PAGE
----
Archive for July 19th, 2012

19
Jul
12

Review: ‘Berlinde De Bruyckere: We are all Flesh’ at the Australian Centre for Contemporary Art (ACCA), Melbourne

Exhibition dates: 2nd June – 29th July 2012

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Apologies, just a short review as I have been sick all weekend. It’s hard to think straight with a thumping headache…

  • An interesting exhibition with several strong elements
  • Wonderful use of the ACCA space. Nice to see the building allowed to speak along with the work; in other words a minimal install that shows off the work and the building to advantage. ACCA could do more of this.
  • The main work We Are All Flesh (2012, below) reminded me of a version of the game The Hanged Man (you know, the one where you have to guess the letters of a word and if you don’t get the letter, the scaffold and the hanged man are drawn). The larger of the two hanging pieces featured two horse skins of different colours intertwined like a ying yang paux de deux. Psychologically the energy was very heavy. The use of straps to suspend the horses was inspired. Memories of Rembrandt’s The Anatomy Lesson of Dr. Nicolaes Tulp and The Godfather rose to the surface…
  • I found it difficult to get past the fact that the sculptures were built on an armature with epoxy = the construction of these objects, this simulacra, had to be put to the back of my mind but was still there
  • Inside me III (2012, below) was a strong work reminding me of an exposed spinal column being supported by thin rope and fragile trestles. Excellent
  • The series of work Romeu “my deer” (2012, below) was the least strong in the exhibition. Resembling antler horns or the blood vessels of the aorta bound together with futon like wadding, the repetition of form simply emphasised the weakness of the conceptual idea
  • My favourite piece was 019 (2007, below). Elegant in its simplicity this beautiful display case from a museum was dismantled and shipped over to Australia in parts and then reassembled here. The figurative pieces of wood, made of wax, seemed like bodies drained of blood displayed as specimens. The blankets underneath added an element of comfort. The whole piece was restrained and beautifully balanced. Joseph Beuys would have been very proud!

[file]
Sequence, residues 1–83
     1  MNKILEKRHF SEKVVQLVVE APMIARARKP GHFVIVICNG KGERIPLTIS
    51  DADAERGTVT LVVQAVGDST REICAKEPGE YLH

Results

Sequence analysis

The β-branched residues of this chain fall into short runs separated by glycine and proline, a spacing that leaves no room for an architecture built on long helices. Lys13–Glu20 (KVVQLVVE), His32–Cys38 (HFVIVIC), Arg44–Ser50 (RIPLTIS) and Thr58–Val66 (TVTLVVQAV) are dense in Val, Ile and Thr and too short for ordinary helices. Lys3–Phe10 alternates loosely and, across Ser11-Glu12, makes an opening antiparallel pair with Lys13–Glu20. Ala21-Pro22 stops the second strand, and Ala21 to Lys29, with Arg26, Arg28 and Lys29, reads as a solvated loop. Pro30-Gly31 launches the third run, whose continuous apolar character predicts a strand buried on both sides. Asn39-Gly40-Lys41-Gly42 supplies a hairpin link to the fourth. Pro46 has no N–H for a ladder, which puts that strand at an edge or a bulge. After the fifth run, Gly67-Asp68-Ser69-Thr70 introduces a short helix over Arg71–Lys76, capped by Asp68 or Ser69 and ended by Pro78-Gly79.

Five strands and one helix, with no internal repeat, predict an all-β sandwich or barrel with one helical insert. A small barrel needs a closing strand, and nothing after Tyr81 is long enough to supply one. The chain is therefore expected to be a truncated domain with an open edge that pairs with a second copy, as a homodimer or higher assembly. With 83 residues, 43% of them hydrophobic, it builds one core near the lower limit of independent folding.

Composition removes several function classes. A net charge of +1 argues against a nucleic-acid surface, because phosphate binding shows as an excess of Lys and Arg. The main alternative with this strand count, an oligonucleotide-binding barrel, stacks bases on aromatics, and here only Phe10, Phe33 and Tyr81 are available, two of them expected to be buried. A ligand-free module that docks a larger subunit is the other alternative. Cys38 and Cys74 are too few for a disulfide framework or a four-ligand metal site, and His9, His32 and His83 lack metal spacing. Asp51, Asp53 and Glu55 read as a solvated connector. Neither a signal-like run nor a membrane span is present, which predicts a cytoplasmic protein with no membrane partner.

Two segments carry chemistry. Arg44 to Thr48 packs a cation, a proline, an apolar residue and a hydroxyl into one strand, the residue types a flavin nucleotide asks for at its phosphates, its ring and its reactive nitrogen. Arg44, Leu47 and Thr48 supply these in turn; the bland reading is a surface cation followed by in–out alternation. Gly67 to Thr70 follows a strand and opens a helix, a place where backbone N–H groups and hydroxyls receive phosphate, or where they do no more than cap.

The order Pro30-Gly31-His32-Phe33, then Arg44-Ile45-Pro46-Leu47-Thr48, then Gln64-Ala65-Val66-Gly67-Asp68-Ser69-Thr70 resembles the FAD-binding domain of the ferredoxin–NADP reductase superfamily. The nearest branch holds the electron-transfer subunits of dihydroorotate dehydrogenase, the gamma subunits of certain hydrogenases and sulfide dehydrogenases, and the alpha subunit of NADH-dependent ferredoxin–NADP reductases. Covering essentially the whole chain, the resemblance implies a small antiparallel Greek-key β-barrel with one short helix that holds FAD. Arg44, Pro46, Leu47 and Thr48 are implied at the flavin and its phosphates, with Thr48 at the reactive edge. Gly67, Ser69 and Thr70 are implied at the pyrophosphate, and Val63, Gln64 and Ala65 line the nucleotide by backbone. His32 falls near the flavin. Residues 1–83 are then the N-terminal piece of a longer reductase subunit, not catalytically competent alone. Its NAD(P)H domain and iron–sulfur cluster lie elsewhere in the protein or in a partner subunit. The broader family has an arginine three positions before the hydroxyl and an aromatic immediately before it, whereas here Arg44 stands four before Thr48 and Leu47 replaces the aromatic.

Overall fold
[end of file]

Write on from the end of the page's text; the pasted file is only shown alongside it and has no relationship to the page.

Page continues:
• The “visceral gothic” contained in the exhibition was very evident. I liked the artist’s trembling and shuddering. Her narratives aroused a frisson, a moment of intense danger and excitement, the sudden terror of the risen animal

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Many thankx to the Australian Centre for Contemporary Art for allowing me to publish the photographs in the posting. Please click on the photographs for a larger version of the image.

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Berlinde De Bruyckere
We Are All Flesh
2012
Treated horse skin, epoxy, iron armature
280 x 160 x 100 cm
Courtesy the artist, Hauser & Wirth and Galleria Continua

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Berlinde De Bruyckere
We Are All Flesh (detail)
2012
Treated horse skin, epoxy, iron armature
280 x 160 x 100 cm
Courtesy the artist, Hauser & Wirth and Galleria Continua.

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“Berlinde De Bruyckere uses wax, wood, wool, horse skin and hair to make haunting sculptures of humans, animals and trees in metamorphosis.

Based in her home town of Ghent, Berlinde De Bruyckere’s studio is an old neo-Gothic Catholic school house. From here she creates her incredible sculptures – torsos morph into branches, trees are captured and displayed inside old museum cabinets and cast horses are crucified upside down in works that have been described as brutal, challenging, inspiring and both frightening and comforting.

Heavily influenced by the old masters, De Bruyckere’s early years at boarding school were spent hiding in the library, pouring over books on the history of catholic art. She went on to study at the Saint-Lucas Visual Arts School in Ghent, and was known in the early stages of her career for using old woolen blankets in her works, sometimes simply stacked on tables of beds, a response to news footage she had seen of blanket-swathed refugees in Rwanda.